Fermentation is driving innovation in food
How start-ups are harnessing the power of fermentation to create novel, innovative food products that tap into the growing market for green, clean-label food.
People have fermented food for centuries, using microorganisms like bacteria, yeast, and fungal moulds to enhance the flavours in our food and keep ingredients from spoiling. Much of our modern diet, including yogurt, cheese, bread, beer and wine, would not exist without fermentation. Now, however, several food start-ups are harnessing this power to create novel, innovative food products that tap into the growing market for green, clean-label food.
Start-ups are marketing the health benefits of lacto-fermented vegetables
Many regional cuisines use pickling to preserve surplus vegetables for later in the year. Submerging these vegetables in salty brine kills off harmful bacteria but allows others to grow, like lactobacilli, which produces the lactic acid that gives German sauerkraut its distinctively sour pickle taste.
With more and more consumers demanding healthy food, start-ups across the world are marketing raw pickled vegetables as a tasty way to consume probiotic lactobacilli and promote gut health. Companies like London Fermentary in England, The Cultured Food Company in Ireland, Green Table Foods in Canada and Cultured Heritage Foods in the U.S. are all producing their own versions of pickled beets, sauerkraut, carrots and even kimchee, a spicy Korean cabbage dish known for its health benefits.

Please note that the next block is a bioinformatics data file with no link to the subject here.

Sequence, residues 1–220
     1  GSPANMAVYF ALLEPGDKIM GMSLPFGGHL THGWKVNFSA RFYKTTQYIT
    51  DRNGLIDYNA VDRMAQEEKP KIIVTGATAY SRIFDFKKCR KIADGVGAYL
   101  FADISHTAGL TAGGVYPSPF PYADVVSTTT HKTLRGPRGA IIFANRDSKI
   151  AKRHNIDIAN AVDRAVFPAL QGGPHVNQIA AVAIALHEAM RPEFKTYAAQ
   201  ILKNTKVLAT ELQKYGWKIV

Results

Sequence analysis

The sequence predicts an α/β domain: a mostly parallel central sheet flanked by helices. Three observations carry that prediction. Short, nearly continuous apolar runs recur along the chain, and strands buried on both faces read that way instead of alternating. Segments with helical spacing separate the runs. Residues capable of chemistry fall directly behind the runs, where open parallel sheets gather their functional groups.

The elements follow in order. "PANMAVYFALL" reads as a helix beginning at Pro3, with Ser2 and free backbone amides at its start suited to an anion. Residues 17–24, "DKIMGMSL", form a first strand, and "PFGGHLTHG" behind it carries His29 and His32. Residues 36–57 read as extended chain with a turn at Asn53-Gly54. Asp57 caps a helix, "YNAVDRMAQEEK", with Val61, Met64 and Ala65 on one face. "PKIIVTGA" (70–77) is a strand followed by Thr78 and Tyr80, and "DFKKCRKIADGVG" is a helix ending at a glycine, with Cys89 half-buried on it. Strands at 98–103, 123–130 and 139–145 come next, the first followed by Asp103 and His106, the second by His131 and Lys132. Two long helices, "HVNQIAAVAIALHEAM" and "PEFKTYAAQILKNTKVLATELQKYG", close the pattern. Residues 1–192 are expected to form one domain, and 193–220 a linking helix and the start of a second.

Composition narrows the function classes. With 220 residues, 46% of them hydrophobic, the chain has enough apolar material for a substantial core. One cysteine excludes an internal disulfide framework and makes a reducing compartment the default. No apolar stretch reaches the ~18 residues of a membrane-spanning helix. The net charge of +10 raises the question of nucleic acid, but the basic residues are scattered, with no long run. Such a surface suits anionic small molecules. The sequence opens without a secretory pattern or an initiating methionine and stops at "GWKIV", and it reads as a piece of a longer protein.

While smaller companies use traditional batch processing with barrels and ceramic crocks, the true potential of fermentation spans far beyond traditional cooking methods—reaching the cutting-edge intersection of microbiology and genetic engineering.
High-tech food companies are using fermentation to create novel ingredients and food substitutes
Many companies are now culturing and manipulating microbes to develop novel ingredients and food substitutes. Indeed The Good Food Institute has “identified 68 companies using fermentation to produce or support animal-free formulations of meat, eggs, and dairy or their functional equivalents”. In the U.S., for example, the innovative firm MycoTechnology is growing Shiitake mushroom mycelium at an industrial scale to produce clean-label vegan proteins, as well as using their fermentation system to nurture non-GMO bitter-blocker ingredients.
Other U.S. companies are going further and genetically engineering microorganisms to produce the animal proteins used in creating many plant-based, vegan foods. Clara Foods in California use industrial fermenters to bioengineer yeast and manufacture the protein-rich lysozymes found in the whites of hen eggs; Perfect Day, another San Francisco start-up, have used the same process to make casein, whey and the proteins found in dairy. While both companies describe their production process as “cellular agriculture” for its use of yeast cells, rather than animals, it ultimately still relies on the basic principles of fermentation. As vegan and vegetarian diets increase in popularity, the potential for development in the field of fermentation and microbiology only grows by the day.
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Credits and references
Author – Isobel Smith – Strategic Allies Ltd
Image by edwina_mc fromPixabay